There is an urgent need to understand the psychological and situational factors that influence medication adherence in individuals with epilepsy. According to the Center for Disease Control (CDC, 2010) about 2.5 million people in the United States have epilepsy and one third of them still have seizures despite receiving treatment. With proper medication, an estimated 60-70% of individuals with new onset epilepsy become, and remain, seizure free (Kwan & Brodie, 2000). Despite the success of medical treatment of epilepsy, many patients do not receive these benefits due to inadequate adherence to medication (Meyer et al., 2010). And, as with other chronic medical conditions, estimates suggest that between 30% and 60% of patients with epilepsy are not adherent with their drug regimens (Green & Simons Morton, 1988; Leppik, 1990; Jones et al., 2006). Poor adherence may be the most important cause of poorly controlled epilepsy (Gomes et al., 1998). Stanaway et al. (1985) found that 31% of seizures were precipitated by nonadherence to medication.
Questions regarding adherence are theoretically informed by Fisher et al. (2006)'s Information Motivation Behavioral Skills (IMB) model. While originally developed to describe, predict, and inform interventions for antiretroviral treatment for human immunodeficiency virus (HIV), this study applies the model to epilepsy for the first time. In addition, this study intends to produce an accurate description of how individuals with epilepsy manage their medication adherence by identifying current self regulation strategies (immediate adherence behaviors, preparatory behaviors, and barrier management strategies) and their situational determinants. Situational determinants can explain some of the fluctuations in medication adherence. Patients who are motivated to take their medications might still show inconsistent medication adherence. For example, patients might miss good opportunities to take their medication or fail to anticipate unexpected barriers such as a spontaneous dinner with friends or a bout of depression. Therefore, the study will take particular care to investigate situational cues such as good opportunities for adherence (e.g., taking medication with regular meals or before brushing teeth) and expected and unexpected barriers. Preparatory behaviors and their cues are also of interest in this study: Some patients use facilitators (such as physical or electronic reminder systems, electronic pill bottles and pill boxes) to ensure adequate medication adherence. Social support can serve a similar function of reminding patients to take their medication. To address these questions, the investigators plan to explore how individual regulation and social support influence medication adherence in patients with epilepsy. The specific aims of the proposed research are:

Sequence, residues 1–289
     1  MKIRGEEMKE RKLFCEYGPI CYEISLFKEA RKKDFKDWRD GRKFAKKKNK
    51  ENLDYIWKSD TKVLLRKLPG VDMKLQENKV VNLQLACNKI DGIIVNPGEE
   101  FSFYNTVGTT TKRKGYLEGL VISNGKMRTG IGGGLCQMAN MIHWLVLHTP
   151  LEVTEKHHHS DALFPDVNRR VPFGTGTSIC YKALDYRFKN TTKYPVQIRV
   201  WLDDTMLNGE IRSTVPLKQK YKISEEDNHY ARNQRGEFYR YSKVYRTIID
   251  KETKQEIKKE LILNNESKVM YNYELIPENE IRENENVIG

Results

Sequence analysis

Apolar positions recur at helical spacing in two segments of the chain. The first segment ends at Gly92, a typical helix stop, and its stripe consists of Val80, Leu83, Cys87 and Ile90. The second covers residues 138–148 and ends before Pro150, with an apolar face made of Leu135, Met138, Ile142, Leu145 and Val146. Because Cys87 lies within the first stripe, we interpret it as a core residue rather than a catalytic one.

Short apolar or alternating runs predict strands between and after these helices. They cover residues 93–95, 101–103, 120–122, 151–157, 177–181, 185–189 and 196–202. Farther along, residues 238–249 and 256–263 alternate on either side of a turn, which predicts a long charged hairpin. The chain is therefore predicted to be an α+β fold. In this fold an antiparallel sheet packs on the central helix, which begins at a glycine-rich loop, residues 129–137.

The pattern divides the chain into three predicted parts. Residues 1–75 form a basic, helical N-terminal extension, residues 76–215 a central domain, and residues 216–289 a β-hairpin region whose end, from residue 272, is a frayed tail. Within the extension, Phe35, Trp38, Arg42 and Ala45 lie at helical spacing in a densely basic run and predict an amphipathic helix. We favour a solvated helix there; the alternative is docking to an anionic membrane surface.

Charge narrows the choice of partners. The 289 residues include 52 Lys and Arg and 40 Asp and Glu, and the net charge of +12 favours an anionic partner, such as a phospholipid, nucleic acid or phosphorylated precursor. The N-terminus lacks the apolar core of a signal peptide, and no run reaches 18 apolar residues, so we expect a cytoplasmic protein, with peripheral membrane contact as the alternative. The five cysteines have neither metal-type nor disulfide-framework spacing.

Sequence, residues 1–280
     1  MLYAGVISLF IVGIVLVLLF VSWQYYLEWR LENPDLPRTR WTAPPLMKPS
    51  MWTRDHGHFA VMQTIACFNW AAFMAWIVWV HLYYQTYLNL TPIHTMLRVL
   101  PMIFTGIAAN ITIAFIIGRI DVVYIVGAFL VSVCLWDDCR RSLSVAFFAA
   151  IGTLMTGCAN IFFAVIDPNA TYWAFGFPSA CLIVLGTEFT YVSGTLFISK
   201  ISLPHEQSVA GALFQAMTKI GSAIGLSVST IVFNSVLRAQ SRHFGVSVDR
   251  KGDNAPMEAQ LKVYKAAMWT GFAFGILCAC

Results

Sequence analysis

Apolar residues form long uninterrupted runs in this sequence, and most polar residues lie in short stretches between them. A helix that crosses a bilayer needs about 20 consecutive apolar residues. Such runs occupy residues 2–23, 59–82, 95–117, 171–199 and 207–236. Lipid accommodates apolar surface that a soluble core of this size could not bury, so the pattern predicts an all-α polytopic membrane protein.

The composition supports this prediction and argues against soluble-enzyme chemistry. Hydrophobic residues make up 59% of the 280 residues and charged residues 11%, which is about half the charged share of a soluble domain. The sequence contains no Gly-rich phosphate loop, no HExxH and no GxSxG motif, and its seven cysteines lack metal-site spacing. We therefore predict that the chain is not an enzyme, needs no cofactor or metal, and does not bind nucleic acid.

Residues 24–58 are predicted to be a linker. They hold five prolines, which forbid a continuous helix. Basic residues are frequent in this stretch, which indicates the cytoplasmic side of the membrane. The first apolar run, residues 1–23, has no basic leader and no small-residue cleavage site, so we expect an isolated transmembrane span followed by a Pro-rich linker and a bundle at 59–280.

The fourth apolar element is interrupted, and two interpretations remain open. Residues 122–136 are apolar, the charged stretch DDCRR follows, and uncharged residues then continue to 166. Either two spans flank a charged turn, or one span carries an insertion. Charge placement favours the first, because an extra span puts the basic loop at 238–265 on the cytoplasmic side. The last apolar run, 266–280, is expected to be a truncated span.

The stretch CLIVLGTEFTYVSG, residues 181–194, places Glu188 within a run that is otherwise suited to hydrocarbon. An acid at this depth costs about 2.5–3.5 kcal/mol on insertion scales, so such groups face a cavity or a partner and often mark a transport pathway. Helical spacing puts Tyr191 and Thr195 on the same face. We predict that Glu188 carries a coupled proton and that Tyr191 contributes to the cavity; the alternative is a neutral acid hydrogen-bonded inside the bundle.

- To test the hypothesis that there will be a main effect of information, motivation and behavioral skills, on adherence behavior, and that a mediation model will show that information and motivation effects are partially mediated through behavioral skills.
- To identify self regulation strategies and their situational cues (good opportunities, facilitators, and barriers) for medication adherence among individuals with epilepsy to better describe best practices and challenges.